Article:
architect, Australia, carbon, carbon emissions, cars, chickens, chooks, Community Garden, Companion planting, compost, east-west link, food, food production, fox, foxes, French Provencale, Fruit, fruit trees, garden, gardening, Melbourne, peppercorn tree, Plant, propagation, propagation time, seedlings, spring, summer, sustainable gardening, sweet peas, toll roads, Trains Not Toll Roads, Tree, urban garden guerilla, urban sustainability, Vegetable, vegetables, Victoria, WiFi, winter
I have a thing about odd numbers; I don’t like the number 133 for example. But I don’t mind multiples of five. 199 disturbs me, as does $1.97. But 55 is okay. Just. November has been a month of attempting to overcome this peccadillo. Posts have slowed down, as the silly season approaches (I’d like to think it’s quality over quantity). Each year I dread November and December. It’s as though everyone tries to squeeze as much life out of the year as possible, and as the social and other obligations mount, all I want is to have one whole day to myself, in the garden. ‘Maggie’s Garden’ is my final post for November, and takes me from five to six. Five is not so bad, but six is better.
One thing I’ve learnt is that ‘like minds like like minds’. This has been a painful lesson in some ways, and joyous in others. I met Maggie through my neighbour Robynann, when we both helped out with a bit of hard labour in Robynann’s garden. That day, Maggie gave me some some sweet pea seeds (she’d saved the seeds by colour – I was impressed), and my sweet peas this year are largely Maggie’s (with a few of mine from the previous year mixed through). A mutual love of sweet peas is something upon which a true friendship can be forged.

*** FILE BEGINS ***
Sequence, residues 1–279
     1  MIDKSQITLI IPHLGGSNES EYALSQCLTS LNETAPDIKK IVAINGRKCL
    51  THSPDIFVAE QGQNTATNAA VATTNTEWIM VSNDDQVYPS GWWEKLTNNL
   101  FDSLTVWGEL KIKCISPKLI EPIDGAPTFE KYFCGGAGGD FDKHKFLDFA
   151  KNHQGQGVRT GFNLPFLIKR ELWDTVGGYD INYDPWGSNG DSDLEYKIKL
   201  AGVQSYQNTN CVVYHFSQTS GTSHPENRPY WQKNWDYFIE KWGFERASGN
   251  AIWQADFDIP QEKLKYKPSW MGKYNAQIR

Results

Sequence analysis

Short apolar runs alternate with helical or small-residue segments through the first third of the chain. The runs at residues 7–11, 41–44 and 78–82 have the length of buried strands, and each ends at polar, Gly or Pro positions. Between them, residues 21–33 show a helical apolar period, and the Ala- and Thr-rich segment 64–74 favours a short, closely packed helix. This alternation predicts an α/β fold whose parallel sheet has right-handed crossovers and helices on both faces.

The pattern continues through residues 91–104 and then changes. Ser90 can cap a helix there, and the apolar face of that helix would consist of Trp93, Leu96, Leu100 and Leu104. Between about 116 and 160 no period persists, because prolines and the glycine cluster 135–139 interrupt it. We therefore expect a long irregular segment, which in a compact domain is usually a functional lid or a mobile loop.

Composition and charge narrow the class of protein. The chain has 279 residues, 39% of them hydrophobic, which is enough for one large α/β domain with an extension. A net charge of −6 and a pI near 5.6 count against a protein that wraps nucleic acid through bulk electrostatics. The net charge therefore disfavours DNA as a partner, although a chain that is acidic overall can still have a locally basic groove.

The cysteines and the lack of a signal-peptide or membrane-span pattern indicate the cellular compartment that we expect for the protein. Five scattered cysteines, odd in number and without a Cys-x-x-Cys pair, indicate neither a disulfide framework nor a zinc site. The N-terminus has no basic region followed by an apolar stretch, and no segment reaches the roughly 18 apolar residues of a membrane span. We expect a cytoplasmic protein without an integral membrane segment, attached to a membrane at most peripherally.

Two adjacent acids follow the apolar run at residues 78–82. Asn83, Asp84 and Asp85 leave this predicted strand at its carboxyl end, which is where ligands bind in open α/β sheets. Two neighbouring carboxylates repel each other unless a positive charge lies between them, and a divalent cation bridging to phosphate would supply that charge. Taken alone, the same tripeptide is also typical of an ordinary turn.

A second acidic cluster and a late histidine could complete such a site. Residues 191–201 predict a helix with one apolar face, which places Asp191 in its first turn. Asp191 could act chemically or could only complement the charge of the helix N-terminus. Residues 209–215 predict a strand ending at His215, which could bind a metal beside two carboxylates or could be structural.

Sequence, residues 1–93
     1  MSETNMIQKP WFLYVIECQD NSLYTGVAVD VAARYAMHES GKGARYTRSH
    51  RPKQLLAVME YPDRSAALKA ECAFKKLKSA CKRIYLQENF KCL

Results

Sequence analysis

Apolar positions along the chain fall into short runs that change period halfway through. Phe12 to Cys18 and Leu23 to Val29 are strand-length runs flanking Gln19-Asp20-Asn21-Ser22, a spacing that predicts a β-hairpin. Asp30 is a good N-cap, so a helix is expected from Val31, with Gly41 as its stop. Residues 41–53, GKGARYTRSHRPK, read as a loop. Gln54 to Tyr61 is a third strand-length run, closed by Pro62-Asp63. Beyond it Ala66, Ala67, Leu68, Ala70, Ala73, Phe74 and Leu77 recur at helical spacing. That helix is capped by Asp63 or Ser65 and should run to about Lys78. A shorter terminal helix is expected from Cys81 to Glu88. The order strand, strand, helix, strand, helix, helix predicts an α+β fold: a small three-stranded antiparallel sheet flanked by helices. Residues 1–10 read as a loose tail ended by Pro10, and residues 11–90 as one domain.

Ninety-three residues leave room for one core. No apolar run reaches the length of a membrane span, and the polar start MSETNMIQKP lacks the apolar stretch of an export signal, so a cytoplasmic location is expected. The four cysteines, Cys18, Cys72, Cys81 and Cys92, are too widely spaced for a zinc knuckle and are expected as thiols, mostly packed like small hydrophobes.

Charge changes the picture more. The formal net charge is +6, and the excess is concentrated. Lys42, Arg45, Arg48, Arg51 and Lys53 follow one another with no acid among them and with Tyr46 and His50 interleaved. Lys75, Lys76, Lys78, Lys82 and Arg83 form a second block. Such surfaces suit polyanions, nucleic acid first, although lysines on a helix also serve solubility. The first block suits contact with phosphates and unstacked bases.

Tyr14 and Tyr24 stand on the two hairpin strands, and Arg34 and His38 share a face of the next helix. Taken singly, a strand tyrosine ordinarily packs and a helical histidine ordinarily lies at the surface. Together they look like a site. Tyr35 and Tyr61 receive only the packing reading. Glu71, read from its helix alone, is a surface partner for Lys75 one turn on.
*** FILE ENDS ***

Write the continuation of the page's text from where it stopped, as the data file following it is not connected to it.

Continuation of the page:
Today I went around to Maggie and Alan’s for lunch, and to do the thing that gardeners like to do most – check out someone else’s garden. Maggie’s garden has been 28 years in the making – as with all the best gardens, it wasn’t a plan but an evolution. It’s hard to describe how delightful is this oasis in the heart of Northcote, but I’ll attempt to convey my transport to French Provençale through pictures. (This transformation is in part due to Alan’s architectural abilities. He’s an architect, in other words.)
A house that is designed to open on to the garden, where there is an almost indistinguishable segue between indoors and outdoors, is the kind of house I like. I spend hours at this computer, in a spot that doesn’t interact with my garden. ‘I want an outdoor office’, is the plaintive and pathetic plea I often make. I’d be happier, there’s no doubt, if the WiFi stretched to the back yard, or if this 1940s house had been built to allow the outside in.
At Maggie and Alan’s, louvre doors open from the dining spot to the garden, leading up the pathway to the peppercorn tree. Ah yes, the peppercorn tree – a curse and yet a blessing. Planted 26 years ago, it’s provided shade, tree houses, endless climbing possibilities, and of course, now it’s nearly two metres wide at the trunk and god knows how tall, the trade off between shade and sun. Maggie’s garden has evolved around the peppercorn tree to some extent. She keeps chooks and a lot of companion plants, fruit trees and some vegetables. But because of this long-term pact with the peppercorn, Maggie has a plot at Fairfield Community Gardens, which is where she grows most of her vegetables.